I did not write a daily blog post yesterday. It would have been Post #107 but last night I was too tired, too stressed. I thought I had killed my goat. I didn't but Zeke sure acted like he was dying.
This happened after I had given him a SQ antibiotic injection. Subcutaneous injection, easier than an Intramuscular injection - easy peasy.
Well, Zeke let out a bellow - food falling out of his mouth - he staggered against the wall of the goat house and his eyes bulged. I was inside the goat house with him and Bitsy. I fumbled with the gate latch to get out in case Zeke started flailing and kicking.
At the time The Man and I were talking on the phone. I was talking hands-free via ear pods. The Man knew I was giving a shot and I said, "I think I killed the goat".
I let Zeke out of the goat house, he took a wobbly step, and then started rubbing himself against the fence of the pen. After a few minutes I coaxed him back into the goat house and gave him a little more treat. He was fine. I kept taking deep breaths trying to calm myself. It was a terrible experience for both of us, the antibiotic must have hurt like hell.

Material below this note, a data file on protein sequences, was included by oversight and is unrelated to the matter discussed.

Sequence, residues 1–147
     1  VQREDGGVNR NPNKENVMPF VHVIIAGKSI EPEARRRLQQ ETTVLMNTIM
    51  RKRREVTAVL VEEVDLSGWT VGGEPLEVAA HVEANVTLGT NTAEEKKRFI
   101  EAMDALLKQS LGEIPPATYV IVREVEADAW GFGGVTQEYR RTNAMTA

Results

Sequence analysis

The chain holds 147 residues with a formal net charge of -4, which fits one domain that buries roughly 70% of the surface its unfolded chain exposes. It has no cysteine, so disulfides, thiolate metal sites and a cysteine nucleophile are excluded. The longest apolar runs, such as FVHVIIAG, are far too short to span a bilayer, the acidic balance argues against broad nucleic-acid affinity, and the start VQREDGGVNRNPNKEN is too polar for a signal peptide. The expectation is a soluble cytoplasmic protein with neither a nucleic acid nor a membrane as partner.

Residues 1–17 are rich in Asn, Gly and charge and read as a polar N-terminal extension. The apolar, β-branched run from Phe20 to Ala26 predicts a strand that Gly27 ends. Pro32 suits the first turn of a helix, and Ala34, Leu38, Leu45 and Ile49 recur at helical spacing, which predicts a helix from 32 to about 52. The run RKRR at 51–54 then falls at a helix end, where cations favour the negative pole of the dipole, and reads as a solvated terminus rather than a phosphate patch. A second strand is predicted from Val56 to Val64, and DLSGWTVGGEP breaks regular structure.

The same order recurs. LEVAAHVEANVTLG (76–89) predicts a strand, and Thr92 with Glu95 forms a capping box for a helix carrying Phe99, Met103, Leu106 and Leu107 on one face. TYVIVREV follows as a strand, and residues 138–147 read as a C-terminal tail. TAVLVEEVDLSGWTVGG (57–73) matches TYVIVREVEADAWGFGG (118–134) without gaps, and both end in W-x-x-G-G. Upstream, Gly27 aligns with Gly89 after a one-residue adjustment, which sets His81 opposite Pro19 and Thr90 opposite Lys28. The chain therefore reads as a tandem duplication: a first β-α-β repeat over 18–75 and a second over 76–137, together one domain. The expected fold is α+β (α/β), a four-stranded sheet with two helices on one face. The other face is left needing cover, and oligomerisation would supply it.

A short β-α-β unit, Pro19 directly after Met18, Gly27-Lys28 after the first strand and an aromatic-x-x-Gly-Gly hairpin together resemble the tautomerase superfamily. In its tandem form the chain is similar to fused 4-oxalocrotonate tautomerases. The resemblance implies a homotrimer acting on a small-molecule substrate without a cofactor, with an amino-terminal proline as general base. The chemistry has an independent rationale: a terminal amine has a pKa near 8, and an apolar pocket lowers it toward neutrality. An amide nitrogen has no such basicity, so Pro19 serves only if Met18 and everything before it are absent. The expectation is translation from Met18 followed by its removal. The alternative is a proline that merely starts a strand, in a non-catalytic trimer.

It started last Tuesday when Zeke started having clumpy poop and by the next day it was scours (goatie diarrhea) and bloat. Most alarming was the fast breathing and the labored panting which increased with his abdominal distention. Rumen rubs and belly pats didn't seem to help much.
What did work was positioning him on the steps with his front elevated higher than his back end. This posture resulted in immediate gas relief - as evidenced by the wind of methane expelled into my face.
In addition to the frequent "gassing off" I've been giving probiotics, frequent offerings of fresh cool water and sodium bicarbonate, and checking on him constantly. I stare at him a lot too.
He's been passing normal poop since Friday, and is slowly starting to chew cud. His breathing is still too fast and too labored at times but I can easily coax him to the steps.
Yesterday I took Zeke's rectal temperature in the morning, it was 100.8°. Normal goat temp is 101.3 - 103.5 (Merck Veterinary Manual).
I decided to start the antibiotic when his evening temp was 104° and along with labored breathing I was convinced he had pneumonia. And we know how that went....
This morning he walked out of the goat house chewing cud. His respiratory rate and effort not too bad. His temperature check was 102.3° goat normal.
Maybe it takes a little longer for a 10-year-old goat to bounce back. Fortunately, I have time.